For some purposes we might use machines (choice machines or c-machines) whose motion is only partially determined by the configuration (hence the use of the word “possible” in §1). When such a machine reaches one of these ambiguous configurations, it cannot go on until some arbitrary choice has been made by an external operator. This would be the case if we were using machines to deal with axiomatic systems. In this paper I deal only with automatic machines, and will therefore often omit the prefix a-.

Computing machines

If an a-machine prints two kinds of symbols, of which the first kind (called figures) consists entirely of 0 and 1 (the others being called symbols of the second kind), then the machine will be called a computing machine. If the machine is supplied with a blank tape and set in motion, starting from the correct initial m-configuration, the subsequence of the symbols printed by it which are of the first kind will be called the sequence computed by the machine. The real number whose expression as a binary decimal is obtained by prefacing this sequence by a decimal point is called the number computed by the machine.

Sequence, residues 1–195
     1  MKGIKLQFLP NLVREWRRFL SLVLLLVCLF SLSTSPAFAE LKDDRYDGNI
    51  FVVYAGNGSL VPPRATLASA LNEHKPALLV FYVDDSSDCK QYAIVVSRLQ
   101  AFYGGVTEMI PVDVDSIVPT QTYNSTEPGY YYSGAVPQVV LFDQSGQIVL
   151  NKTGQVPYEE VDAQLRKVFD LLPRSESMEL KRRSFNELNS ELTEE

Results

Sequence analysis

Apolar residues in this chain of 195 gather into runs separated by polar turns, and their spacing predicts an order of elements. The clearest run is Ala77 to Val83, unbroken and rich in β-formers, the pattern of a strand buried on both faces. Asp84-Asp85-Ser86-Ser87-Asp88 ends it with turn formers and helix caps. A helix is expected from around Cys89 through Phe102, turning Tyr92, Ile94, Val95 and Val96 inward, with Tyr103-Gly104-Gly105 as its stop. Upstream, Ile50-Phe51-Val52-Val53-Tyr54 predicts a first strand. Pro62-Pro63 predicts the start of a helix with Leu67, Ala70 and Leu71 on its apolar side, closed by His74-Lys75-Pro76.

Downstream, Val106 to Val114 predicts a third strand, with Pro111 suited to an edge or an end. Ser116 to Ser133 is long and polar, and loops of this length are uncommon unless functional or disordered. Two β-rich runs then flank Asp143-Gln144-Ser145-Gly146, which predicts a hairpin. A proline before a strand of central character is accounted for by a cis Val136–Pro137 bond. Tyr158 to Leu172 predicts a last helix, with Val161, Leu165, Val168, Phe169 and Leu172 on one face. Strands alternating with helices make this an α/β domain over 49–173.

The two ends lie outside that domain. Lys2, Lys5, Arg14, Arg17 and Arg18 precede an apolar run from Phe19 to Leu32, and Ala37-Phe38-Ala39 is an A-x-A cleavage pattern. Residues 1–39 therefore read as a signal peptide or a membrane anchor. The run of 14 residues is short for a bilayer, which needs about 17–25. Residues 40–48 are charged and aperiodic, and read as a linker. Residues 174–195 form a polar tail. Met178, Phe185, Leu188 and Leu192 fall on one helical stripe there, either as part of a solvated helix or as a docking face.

At any stage of the motion of the machine, the number of the scanned square, the complete sequence of all symbols on the tape, and the m-configuration will be said to describe the complete configuration at that stage. The changes of the machine and tape between successive complete configurations will be called the moves of the machine.{233}

Circular and circle-free machines

If a computing machine never writes down more than a finite number of symbols of the first kind it will be called circular. Otherwise it is said to be circle-free.

A machine will be circular if it reaches a configuration from which there is no possible move, or if it goes on moving, and possibly printing symbols of the second kind, but cannot print any more symbols of the first kind. The significance of the term “circular” will be explained in §8.

Computable sequences and numbers

A sequence is said to be computable if it can be computed by a circle-free machine. A number is computable if it differs by an integer from the number computed by a circle- free machine.

We shall avoid confusion by speaking more often of computable sequences than of computable numbers.

1】图灵论文“On Computable Numbers, with an Application to the Entscheidungsproblem”原文：https://www.cs.virginia.edu/~robins/Turing_Paper_1936.pdf

https://blog.sciencenet.cn/blog-2322490-1232277.html